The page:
Yes, we have these kinds of sentences, so you can see that the same concepts can be expressed in different ways. I use these a lot in the Affixes lessons, because I want people to know that affixes can also be used on their own, adding to the language's flexibility.
In Esperanto they are completely right, and that's what this course teaches, so basically it doesn't really matter :)
Also, that sentence is the one I chose to use, but there are others, as Ludanto said, that are also right and not redundant.
but if A is not equal to A, then there's something majorly wrong with the universe.
Congratulations. According to the transitive property, you just defeated Muammar Qaddafi in arm wrestling.
What I like about these tautologies is than, even when they are absolutely uninformative from a purely semantic point of view, sometimes they may seem quite relevant and worth remembering from a more realistic point of view.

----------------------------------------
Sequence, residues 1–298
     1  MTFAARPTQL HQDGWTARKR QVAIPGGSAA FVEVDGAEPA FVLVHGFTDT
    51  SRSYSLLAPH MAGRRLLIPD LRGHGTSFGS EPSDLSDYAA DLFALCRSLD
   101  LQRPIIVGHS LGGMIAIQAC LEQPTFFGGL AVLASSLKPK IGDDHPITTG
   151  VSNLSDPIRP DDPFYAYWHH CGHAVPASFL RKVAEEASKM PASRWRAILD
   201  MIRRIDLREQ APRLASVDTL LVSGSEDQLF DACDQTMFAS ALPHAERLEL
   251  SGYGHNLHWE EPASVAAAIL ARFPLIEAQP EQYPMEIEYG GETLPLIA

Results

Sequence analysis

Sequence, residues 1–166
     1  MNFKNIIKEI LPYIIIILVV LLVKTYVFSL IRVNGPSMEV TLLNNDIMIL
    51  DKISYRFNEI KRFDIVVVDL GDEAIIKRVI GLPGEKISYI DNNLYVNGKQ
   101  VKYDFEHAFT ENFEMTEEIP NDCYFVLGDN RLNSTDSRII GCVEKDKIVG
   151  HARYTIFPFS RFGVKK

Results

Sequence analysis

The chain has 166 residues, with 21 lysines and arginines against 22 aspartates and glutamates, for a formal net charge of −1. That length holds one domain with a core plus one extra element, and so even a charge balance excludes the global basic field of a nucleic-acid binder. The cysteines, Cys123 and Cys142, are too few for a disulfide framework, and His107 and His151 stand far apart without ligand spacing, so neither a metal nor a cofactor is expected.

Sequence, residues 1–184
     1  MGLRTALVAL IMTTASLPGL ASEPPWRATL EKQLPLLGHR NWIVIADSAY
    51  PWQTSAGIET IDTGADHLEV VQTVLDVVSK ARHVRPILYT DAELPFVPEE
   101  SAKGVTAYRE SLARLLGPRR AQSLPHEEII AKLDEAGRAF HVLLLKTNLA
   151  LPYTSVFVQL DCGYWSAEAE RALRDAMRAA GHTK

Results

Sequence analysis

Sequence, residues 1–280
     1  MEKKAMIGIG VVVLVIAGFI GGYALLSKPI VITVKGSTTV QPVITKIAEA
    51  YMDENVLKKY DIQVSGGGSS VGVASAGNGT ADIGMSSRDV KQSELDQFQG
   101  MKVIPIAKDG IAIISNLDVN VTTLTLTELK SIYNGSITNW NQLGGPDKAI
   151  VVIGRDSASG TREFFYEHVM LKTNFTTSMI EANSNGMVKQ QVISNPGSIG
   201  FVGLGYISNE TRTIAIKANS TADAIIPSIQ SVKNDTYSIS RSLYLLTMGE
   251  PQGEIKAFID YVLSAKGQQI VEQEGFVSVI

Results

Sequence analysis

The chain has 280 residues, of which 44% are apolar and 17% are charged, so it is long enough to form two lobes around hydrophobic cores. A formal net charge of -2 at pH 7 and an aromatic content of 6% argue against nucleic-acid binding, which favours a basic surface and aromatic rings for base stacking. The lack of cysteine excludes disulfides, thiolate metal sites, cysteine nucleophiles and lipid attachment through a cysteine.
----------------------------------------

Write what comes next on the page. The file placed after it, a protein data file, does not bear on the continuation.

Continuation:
Ex-wives ≠ Ex-wife Plural ≠ singular
Your first sentence is plural (so saying some guy have 2 or more ex-wives).
Your second sentence is singular (so saying that the guy only have 1 ex-wife).
All in all, the two sentences are not the same to each other.
What do you say for a former wife (or husband) that isn't an ex, but actually deceased?
The following are each a bit different in meaning:
His former wife that is his ex.
His former wife that was his ex and now deceased.
His former, now deceased, wife.